# Transpositions in algebra

1. Feb 25, 2012

### gotjrgkr

1. The problem statement, all variables and given/known data
Hi!
There's a theorem 7.43 in p.221(Hungerford's abstract algebra) which states that every permutation in S$_{n}$ is a product of transpositions.
What I know about the concept of transposition is it is defined if there are at least two distinct elements. But, in the above theorem, there's no assumption to prevent that n could be 1. I think, in that case, saying a product of transpositions is meaningless.
So, I think an assumption such as n$\geq$2 must be added in the above theorem.
Am I wrong?? If so, could you explain why??

2. Relevant equations

3. The attempt at a solution

2. Feb 25, 2012

### I like Serena

Hi gotjrgkr!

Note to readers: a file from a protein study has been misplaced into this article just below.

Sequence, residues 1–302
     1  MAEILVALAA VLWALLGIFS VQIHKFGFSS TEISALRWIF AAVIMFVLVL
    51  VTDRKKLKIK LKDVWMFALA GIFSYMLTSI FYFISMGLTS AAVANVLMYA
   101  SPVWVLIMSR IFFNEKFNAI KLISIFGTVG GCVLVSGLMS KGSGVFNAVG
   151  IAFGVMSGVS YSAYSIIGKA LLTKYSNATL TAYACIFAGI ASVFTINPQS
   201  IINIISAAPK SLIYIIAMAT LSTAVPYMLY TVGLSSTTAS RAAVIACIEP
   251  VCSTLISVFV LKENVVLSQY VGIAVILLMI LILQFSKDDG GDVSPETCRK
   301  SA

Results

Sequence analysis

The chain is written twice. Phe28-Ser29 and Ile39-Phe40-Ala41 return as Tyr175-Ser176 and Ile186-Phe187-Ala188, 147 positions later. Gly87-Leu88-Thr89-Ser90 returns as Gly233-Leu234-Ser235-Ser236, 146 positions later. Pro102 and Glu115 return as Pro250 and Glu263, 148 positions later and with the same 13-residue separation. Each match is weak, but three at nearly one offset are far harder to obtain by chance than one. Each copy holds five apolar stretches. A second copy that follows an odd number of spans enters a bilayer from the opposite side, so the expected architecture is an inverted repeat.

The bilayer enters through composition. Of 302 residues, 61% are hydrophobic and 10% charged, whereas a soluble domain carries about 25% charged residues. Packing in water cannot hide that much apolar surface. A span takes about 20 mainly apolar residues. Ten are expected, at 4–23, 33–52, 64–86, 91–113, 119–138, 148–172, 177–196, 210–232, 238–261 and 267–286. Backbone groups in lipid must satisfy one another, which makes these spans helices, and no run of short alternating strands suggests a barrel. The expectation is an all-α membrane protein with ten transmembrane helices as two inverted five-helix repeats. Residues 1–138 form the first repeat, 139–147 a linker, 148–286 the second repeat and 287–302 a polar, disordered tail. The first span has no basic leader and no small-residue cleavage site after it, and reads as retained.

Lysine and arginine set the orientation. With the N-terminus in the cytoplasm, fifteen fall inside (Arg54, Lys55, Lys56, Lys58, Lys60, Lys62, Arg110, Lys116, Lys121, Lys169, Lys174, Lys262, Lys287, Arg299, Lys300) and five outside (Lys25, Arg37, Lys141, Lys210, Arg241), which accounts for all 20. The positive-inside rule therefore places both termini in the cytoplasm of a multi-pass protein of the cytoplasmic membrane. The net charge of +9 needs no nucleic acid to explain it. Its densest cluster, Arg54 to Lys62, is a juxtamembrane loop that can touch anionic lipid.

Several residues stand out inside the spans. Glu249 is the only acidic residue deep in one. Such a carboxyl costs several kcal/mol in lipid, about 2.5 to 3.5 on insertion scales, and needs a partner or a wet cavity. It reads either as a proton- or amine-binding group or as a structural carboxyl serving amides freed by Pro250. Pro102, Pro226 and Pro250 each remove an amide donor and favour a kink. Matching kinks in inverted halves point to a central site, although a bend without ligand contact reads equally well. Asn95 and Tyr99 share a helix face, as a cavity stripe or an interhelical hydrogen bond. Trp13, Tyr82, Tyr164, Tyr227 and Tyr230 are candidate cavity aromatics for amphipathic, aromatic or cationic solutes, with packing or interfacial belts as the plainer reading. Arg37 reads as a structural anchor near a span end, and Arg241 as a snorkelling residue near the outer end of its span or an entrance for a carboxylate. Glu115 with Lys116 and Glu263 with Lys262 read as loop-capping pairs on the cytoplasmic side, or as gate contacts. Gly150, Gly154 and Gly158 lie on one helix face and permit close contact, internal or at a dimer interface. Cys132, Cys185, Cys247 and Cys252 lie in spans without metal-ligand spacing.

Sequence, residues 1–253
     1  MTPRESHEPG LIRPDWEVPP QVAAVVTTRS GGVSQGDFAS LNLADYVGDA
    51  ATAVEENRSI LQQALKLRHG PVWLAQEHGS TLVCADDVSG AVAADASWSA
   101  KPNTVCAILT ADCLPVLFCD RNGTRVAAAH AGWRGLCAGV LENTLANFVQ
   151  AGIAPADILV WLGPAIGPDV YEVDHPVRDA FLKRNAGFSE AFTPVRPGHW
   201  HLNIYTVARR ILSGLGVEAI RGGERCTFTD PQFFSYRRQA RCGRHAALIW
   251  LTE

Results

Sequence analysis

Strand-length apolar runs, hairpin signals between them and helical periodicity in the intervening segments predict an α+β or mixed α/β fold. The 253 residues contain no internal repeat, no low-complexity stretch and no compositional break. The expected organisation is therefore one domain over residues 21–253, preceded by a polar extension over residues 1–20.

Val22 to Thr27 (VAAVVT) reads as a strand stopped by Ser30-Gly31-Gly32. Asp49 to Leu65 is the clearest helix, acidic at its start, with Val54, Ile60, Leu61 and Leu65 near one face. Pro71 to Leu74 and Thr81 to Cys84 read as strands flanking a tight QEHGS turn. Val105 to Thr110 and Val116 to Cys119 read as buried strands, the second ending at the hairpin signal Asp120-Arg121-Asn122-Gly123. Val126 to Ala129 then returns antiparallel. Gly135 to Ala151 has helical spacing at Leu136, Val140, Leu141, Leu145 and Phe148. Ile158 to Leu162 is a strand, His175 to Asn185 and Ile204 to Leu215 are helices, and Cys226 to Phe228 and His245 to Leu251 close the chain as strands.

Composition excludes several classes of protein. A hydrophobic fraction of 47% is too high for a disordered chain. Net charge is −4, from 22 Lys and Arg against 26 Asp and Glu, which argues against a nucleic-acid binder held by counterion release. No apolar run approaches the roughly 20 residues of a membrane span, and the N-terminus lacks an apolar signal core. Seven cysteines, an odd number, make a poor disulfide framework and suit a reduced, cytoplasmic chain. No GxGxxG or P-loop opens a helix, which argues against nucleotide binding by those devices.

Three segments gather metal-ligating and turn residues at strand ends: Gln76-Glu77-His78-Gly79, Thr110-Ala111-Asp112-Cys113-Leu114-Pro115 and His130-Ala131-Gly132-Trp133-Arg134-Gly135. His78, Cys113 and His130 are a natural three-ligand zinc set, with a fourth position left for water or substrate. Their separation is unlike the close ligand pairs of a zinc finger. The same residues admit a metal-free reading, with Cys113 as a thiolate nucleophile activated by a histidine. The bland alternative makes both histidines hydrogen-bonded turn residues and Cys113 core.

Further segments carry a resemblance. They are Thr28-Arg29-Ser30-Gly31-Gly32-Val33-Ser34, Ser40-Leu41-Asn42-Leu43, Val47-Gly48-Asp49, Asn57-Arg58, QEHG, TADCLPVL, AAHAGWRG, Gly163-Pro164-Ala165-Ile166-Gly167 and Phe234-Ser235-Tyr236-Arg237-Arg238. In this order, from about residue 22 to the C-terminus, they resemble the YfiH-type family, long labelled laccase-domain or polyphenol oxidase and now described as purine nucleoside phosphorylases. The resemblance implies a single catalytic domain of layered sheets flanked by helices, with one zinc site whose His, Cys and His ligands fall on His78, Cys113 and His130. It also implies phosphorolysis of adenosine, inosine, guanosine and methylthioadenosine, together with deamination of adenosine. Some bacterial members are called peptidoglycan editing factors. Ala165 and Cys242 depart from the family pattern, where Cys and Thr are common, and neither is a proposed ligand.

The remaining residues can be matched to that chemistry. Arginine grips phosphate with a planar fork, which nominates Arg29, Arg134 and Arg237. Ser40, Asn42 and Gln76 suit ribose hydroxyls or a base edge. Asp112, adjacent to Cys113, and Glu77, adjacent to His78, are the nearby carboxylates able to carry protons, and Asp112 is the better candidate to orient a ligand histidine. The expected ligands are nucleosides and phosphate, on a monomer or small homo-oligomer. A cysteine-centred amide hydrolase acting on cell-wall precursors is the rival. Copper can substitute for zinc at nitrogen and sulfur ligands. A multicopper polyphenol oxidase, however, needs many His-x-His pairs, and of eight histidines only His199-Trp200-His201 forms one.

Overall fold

It's called an empty product.
See: http://en.wikipedia.org/wiki/Empty_product

3. Feb 25, 2012

### gotjrgkr

So, do you mean the theorem also makes sense even when n=1?
Are you sure?? Where can you find this? I mean, do you have a book explaing about it?

4. Feb 25, 2012

### Fredrik

Staff Emeritus
It's just a matter of choosing a definition of "product" that ensures that we don't have to state special cases separately. It's just a convenience. The statement makes sense for n=1 if we want it to.

5. Feb 25, 2012

Thanks!!!